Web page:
Originally developed in the 1970s, Ethernet has evolved from a 10 Mbps half-duplex network called shared Ethernet to a 1000 Mbps and beyond full-duplex switch technology called switched Ethernet. Standardized by the Institute of Electrical and Electronics Engineer's (IEEE) 802.3 committee, the word Ethernet is not mentioned in the standard. However, it is commonly referred to as Ethernet and can be found everywhere-including automation systems.
Ethernet only defines the lower two layers (physical and data link) of the Open Systems Interconnection (OSI) Model but TCP/IP support (transport and network) is commonly found. Ethernet's long frame size (1500 bytes) can effectively support both information and control. Data rates up to 1000 Mbps are frequently found and switch technology improves throughput and distance along with the convenience of multi-speed operation over the original 10 Mbps shared Ethernet. Application layer protocols such as BACnet/IP, Modbus TCP, EtherNet/IP and ProfiNet can be found on top of 10/100/1000 Mbps switched Ethernet. The openness of Ethernet has ensured its place as the most popular network.
Plug-and-play unmanaged switches can be put into service without adjustments and provide a simple, cost-effective method for expanding Ethernet networks. Some models include features such as auto-MDIX and auto-negotiation.
The ultimate in performance and flexibility can be found in a SNMP compliant managed switch. By configuring the switch through either a web page or console screen, features such as virtual LANs, Quality of Service, cable redundancy and port mirroring can be invoked.
The diagnostic switch retains all the virtues of a switch with one exception—no address learning. All messages—directed, multicast, broadcast—are flooded to all ports on the switch allowing a protocol analyzer tool such as Wireshark the ability to observe all traffic on the network.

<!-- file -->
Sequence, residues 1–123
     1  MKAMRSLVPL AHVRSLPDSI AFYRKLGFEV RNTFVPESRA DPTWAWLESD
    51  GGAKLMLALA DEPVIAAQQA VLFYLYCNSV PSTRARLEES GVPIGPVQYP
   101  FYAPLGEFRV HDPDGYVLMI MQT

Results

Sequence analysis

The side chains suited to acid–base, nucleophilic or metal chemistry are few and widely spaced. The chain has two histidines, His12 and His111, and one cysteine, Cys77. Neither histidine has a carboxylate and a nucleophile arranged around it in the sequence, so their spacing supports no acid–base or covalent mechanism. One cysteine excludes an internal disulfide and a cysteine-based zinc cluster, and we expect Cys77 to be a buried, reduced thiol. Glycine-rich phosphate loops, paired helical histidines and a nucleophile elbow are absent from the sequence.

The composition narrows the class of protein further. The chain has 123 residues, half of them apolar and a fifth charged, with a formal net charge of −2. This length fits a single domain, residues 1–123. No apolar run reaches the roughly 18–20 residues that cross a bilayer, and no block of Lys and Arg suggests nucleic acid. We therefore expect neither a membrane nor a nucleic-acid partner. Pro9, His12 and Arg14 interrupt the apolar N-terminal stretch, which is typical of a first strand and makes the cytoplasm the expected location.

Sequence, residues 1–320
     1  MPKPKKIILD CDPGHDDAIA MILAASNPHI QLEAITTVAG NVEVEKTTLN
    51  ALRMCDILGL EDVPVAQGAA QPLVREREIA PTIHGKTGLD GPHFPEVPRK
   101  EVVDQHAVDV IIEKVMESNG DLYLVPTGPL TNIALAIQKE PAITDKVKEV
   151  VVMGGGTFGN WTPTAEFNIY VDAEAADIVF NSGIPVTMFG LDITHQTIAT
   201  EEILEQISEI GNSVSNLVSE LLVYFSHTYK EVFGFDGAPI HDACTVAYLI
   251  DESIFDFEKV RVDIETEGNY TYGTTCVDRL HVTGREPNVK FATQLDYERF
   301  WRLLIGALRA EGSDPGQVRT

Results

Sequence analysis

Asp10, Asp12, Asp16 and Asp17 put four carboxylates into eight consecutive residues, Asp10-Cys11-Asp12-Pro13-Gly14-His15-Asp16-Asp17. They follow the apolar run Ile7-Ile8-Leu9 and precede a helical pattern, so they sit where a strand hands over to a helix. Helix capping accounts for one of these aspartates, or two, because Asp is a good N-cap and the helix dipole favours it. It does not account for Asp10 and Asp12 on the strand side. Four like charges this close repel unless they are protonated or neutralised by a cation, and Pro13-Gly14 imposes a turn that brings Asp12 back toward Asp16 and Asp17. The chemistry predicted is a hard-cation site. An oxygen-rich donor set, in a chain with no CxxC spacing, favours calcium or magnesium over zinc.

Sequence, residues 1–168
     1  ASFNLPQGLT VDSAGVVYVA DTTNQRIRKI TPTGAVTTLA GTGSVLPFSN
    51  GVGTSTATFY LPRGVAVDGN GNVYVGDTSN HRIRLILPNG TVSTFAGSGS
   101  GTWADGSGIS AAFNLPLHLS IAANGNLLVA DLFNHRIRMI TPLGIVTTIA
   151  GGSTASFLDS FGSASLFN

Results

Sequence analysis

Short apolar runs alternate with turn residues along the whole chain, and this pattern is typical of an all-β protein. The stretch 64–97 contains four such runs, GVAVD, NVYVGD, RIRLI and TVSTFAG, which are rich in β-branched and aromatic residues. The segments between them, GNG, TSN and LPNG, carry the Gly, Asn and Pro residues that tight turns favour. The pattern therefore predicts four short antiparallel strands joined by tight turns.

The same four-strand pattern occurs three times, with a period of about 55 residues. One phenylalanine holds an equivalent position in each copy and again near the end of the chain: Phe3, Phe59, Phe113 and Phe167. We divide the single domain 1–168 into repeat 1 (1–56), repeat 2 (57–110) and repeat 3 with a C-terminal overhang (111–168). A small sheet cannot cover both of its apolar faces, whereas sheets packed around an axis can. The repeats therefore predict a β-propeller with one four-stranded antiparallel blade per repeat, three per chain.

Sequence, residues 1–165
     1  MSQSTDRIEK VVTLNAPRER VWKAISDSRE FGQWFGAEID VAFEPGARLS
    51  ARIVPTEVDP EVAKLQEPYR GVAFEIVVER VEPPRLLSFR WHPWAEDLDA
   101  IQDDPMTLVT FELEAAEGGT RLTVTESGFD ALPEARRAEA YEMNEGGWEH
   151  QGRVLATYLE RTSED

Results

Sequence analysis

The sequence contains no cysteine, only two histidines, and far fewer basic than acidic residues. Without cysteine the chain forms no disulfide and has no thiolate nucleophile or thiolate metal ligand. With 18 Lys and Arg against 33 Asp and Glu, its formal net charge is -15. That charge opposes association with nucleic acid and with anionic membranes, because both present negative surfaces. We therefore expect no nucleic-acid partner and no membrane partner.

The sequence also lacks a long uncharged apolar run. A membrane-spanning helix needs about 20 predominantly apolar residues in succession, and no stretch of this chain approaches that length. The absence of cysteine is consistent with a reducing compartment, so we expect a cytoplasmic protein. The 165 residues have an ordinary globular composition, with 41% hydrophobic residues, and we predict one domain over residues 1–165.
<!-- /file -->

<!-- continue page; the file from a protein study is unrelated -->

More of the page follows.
Media converters offer the lowest latency because they are pure media converters and not 2-port switches. Conversion from copper to fiber optic cabling is possible without the loss of autonegotiation features.
IP routers link two Internet Protocol networks together—passing appropriate traffic while blocking all other traffic. One of the networks is designated the local-area-network and the other the wide-area-network. IP routers are used to isolate traffic and for gaining access to remote equipment.
RemoteVPN is a service offered by Contemporary Controls that allows systems integrators remote access to systems from the convenience of the systems integrator's home or office. A cloud-based VPN server hosted by Contemporary Controls provides the critical connection between two VPN clients - one installed on the systems integrator's PC and the other permanently installed on Contemporary Controls' VPN router located at the remote location.
Power over Ethernet provides data and power over one cable, thereby eliminating the need for additional power supplies for Ethernet-enabled devices placed in challenging locations—such as wireless access points or IP cameras on a ceiling or outdoors.
These products comply with the requirements of Underwriters Laboratories (UL) 864 Control Units and Accessories for Fire Alarm Systems 10th Edition. A UL recognized component has already been evaluated and tested in accordance with UL's component safety standards, streamlining the qualification process for the system supplier.